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Cleek used in Slaughter of Pigs

Metal hook for moving pigs from sty to slaughter.


By Noel Campbell

Figure 1: Cleek (F:1966.42)

Description

This smith-made cleek of wrought iron is made from a single piece of metal, is round in section, 1cm in diameter, with a handle on one end and a hook on the other. Its total length is 36.5cm. The hook is 5.5cm wide at the mouth, 4.5cm deep and is made by the metal being turned back. The handle is a loop of the metal being turned back upon itself and is oval, 8.5cm deep and 11cm wide. The donor noted this object resembles a docker’s hook.

Figure 2: Detail of hook end                                          

What was this cleek used for?

The cleek was used to hook under the pig’s jaw to haul the animal from sty or “pig-craw” for slaughter in the village of Dromintee, Co. Down.

The killing of a pig was a big ordeal and was not as simple as ending the animal’s life. There was a superstition around the killing of pigs in rural Ulster. It was thought unlucky not to have at least one neighbour present at the slaughter. There was a practical purpose for the extra pair of hands which came in useful when moving the carcass around and up on to the gantry. There was a precise ceremony to the whole process. As the adults and older children of the house were busy preparing for the kill, a child would be sent with an invitation to a neighbour to attend which was even accompanied by a jingle: “Me Da told me Ma to tell Mick to tell me to tell you to come to see would you give a hand to kill a dead pig”. The killing had a commercial purpose as its sale would often pay any rent due.

 

Superstition surrounding the killing of a pig

Before the pig was killed, there was an inspection, but not everyone was invited for this. A respected neighbour and male relatives were asked to view the animal. For hours they would hang over the pigsty walls gauging the weight of the pig. Those not invited to be part of the privileged inspection team were suspected of having the power to “blink” or overlook things. Pigs were particularly susceptible to evil genius and bad luck, apparently. If someone with the power to “blink” got an eye on the pig and it ceased to thrive afterwards, “the cure” had to be administered.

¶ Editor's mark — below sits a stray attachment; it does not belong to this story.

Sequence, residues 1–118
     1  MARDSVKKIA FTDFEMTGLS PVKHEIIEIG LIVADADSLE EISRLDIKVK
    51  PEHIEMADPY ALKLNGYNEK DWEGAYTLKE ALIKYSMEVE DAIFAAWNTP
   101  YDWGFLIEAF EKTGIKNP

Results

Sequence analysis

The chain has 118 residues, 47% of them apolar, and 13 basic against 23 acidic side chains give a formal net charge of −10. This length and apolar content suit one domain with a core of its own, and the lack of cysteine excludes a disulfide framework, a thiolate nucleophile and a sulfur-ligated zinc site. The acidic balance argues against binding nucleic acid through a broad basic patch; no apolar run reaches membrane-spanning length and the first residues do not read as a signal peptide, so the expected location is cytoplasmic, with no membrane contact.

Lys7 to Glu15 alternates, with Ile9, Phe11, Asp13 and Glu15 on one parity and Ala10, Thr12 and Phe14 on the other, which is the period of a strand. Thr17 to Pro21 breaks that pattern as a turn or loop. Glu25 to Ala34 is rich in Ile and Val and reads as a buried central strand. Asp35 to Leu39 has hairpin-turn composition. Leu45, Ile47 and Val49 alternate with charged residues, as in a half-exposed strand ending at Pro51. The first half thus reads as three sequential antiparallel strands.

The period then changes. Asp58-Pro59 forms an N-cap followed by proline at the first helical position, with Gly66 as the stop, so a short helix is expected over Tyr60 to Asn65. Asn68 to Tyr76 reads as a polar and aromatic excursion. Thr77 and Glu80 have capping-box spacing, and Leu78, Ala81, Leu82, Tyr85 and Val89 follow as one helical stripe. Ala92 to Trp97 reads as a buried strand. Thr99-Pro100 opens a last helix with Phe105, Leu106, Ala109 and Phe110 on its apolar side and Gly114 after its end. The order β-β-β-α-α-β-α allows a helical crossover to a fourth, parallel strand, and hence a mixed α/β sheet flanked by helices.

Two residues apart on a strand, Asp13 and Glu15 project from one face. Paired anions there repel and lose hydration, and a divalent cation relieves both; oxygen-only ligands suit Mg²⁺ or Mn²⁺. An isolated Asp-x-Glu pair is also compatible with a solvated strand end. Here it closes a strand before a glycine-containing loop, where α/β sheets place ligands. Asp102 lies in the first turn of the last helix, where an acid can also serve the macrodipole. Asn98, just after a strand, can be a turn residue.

If that unwanted person were a woman, a tassel had to be clipped secretively off her shawl; if a man, a bit of his apparel, and either would be burned under the pig’s nose. There is also reported a serious practice in which two or three men would sit around a pig on its hunkers, drenching it with an old boot or a wooden pipe.

 

How did the NMI acquire this object?

This object, F:1966.42, was donated to the NMI in 1966 through Michael J. Murphy. Mr. Murphy was a writer and folklorist from Dromintee.

 

References

Murphy, Michael J., “Pigs, Pork And Pastime.” Irish Independent, 20 August 1948

Mac Con Iomaire, Mairtín: The Pig in Irish Cuisine past and present. Walker, H. (ed) The Fat of the Land: Proceedings of the Oxford Symposium on Food and Cookery 2002: Bristol: Footwork, pp. 207-215

NMI-Country Life Memory Book